Re: [Harp-L] history
I'm sitting here wondering what on earth you are going off about. I couldn't write much more earlier, cause I was at work. But OK, you got me. I'm home now. I will, as a gesture of brotherly love, give you until the Robot Chicken Star Wars Episode II comes on. Fair?
>Good for you. I don't accept arguments from authority and I also
>have formal training in history. All of which is completely besides
>the point--you still haven't given any response to the issues I raised.
We ought to get our degrees together and have a big hug of booklearnin' Yes, I will respond to these issues..
>You made two claims in your original post. First, that there was
>someone named "Joseph Richter" who "invented Richter" and second that
>the Anton Richter who had a harmonica company was his brother. You
>stated these as facts.
O.K. I didn't consider it a claim. I was thinking more along the lines of Richter being the Abner Doubleday guy of harmonicas and I meant Joseph is who people were probably actually talking about. I didn't go into detail because it wasn't my point. My point was Anton Richter was a plumber. He didn't make any harmonicas. Thus you can scratch Anton off the Richter scale.
On Joseph, personally, I think there is no evidence. It's doubleday commission all over again, only this time with the only non-religous thing as sacred as baseball - the harp.
You appear to have missed a really big point in that e-mail I just put it out there. Despite the fact they probably operated Anton Richter and CO., Seydel employes of old never called it Richter, they called it "HAIDER" I thought that was significant. That makes me suspicious of any Richter claims and I've thought about calling it "Haider" for the hell of it to see if it would catch on. So, a possibilitiy would be this Richter style comes from the town formerly known as Haida in Bohemia and it got associated by default. Or it actually did come from Richter... BUT, if it did, I doubt it was the tuning. Richter was a term used to define that 10-hole style harp, regardless of how it was tuned.
The Seydel designation is significant because it is so close to Haida relatively. Outside Klingenthal, it gets lumped in with Richter, kind of like people think Solingen Germany is a knifemaker, but folks around Solingen know there's a bunch of knife factories in Solingen that use the name.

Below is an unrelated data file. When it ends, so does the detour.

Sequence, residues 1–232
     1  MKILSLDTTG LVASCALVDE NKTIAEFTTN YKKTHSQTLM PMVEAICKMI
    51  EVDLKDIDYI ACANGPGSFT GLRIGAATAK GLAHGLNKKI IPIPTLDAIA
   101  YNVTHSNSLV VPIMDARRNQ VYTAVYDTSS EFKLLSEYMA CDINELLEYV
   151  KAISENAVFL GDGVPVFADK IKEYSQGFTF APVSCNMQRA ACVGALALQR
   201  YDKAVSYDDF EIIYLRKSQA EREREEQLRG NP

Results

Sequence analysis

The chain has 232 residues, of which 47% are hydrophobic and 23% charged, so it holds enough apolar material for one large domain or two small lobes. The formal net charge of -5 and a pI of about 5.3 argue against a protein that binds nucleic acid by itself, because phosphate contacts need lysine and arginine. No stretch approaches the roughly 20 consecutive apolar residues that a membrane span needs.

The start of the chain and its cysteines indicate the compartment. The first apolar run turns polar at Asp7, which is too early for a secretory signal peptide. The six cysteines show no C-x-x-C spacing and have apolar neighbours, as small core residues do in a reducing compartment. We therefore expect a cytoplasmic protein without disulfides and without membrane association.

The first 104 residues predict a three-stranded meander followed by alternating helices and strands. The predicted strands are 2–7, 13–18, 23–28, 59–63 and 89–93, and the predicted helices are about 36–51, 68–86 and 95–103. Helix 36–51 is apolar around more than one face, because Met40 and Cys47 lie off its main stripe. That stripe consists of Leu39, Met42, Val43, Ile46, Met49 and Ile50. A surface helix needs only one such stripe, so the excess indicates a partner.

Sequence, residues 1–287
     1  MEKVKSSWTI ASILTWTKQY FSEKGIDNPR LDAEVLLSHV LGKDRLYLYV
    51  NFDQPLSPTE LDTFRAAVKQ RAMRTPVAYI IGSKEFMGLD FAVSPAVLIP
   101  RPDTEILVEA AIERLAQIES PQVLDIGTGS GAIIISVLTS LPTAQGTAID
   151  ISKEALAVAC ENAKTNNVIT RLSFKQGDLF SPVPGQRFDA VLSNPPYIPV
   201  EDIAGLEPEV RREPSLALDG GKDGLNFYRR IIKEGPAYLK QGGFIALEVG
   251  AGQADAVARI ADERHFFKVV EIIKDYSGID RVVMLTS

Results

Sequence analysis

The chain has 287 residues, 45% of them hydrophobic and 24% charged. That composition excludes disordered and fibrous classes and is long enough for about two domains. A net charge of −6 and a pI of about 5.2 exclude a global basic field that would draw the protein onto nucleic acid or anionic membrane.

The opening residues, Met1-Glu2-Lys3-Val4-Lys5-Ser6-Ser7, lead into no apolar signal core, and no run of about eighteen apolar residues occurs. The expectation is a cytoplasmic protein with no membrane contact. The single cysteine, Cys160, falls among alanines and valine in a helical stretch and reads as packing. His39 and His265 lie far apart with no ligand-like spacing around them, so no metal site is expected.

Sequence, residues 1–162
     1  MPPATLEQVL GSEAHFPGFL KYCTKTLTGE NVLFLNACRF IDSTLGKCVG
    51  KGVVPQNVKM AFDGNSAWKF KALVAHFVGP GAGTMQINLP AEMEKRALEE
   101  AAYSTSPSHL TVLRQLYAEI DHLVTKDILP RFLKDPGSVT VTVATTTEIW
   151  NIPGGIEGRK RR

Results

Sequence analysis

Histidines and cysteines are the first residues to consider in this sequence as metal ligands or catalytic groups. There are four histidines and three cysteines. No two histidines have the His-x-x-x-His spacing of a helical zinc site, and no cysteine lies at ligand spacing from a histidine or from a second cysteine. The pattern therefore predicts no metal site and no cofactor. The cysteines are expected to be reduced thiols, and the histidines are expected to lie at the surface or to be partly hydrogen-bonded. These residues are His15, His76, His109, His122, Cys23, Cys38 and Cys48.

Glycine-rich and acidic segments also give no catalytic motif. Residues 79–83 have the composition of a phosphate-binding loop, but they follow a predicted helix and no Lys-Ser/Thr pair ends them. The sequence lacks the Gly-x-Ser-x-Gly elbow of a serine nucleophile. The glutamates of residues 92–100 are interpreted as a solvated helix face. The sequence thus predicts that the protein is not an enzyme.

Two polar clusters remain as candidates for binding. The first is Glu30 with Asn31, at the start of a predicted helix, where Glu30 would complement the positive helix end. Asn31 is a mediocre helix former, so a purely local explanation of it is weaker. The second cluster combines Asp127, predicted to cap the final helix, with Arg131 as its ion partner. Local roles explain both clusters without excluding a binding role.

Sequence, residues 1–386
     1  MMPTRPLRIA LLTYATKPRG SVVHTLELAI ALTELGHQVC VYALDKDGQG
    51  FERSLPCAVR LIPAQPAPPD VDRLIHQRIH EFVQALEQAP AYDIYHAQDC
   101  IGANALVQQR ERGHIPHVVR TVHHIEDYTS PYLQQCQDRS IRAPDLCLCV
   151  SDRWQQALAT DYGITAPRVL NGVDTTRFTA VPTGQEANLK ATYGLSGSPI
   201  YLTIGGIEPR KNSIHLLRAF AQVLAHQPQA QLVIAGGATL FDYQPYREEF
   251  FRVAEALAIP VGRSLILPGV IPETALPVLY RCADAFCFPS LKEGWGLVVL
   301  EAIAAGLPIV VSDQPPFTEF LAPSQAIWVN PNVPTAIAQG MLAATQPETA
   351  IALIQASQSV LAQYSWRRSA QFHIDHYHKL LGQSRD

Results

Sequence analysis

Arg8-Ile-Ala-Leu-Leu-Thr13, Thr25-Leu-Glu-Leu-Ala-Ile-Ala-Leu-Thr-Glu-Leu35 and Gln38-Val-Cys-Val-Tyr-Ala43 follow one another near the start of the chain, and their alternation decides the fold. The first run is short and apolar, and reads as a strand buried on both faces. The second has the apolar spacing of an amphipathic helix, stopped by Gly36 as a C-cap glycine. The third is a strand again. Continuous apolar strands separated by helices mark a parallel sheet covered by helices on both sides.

You were saying that Pat Missin says nobody knows the relationship between Joseph and Anton. The German Harmonica museum says they were brothers. How do they know these things? They went to Bohemia and looked at records, so at the moment, I'm going to have to go with their theory on that one until something trumps it or I doubt it.
> Moreover, contemporary histories from the late 19th and particularly
> early 20th centuries are not exactly impartial.
I'm not exactly reading ANY contemporary histories on anything. I'm looking at the stuff you're supposed to look at, patents, advertising, etc.
> So, while we see an
> outpouring of similar free-reed invention across Europe and even the
> US in the early 19th century, much of this is ignored in favor of the
> trends which led to the status quo when people were writing,
> particularly the status quo of German's writing in the early 20th
> century when Germans dominated the market and nationalism was the
> dominant political force.
I did get a kick out of this one. Sure, OK, they dominated and the Richter legend is legend. BUT, tell me this, considering what you said above, when Kaiser Wilhelm II and the writers were following suit in all this nationlism stuff, why would they, when they have the two biggest centers of harmonica making in the world, Klingenthal and Trossingen, why o' why would they say this:
"The harmonica? Our beloved German national instrument? You wanna know who invented it? By God I'll tell you who it was:
SOME DUDE IN BOHEMIA in the Austro-Hungarian Empire."
Dave, having shown his affection for Ross by missing nine minutes of Robot Chicken.
Dave Payne Sr.
Elk River Harmonicas
This archive was generated by a fusion of
Pipermail 0.09 (Mailman edition) and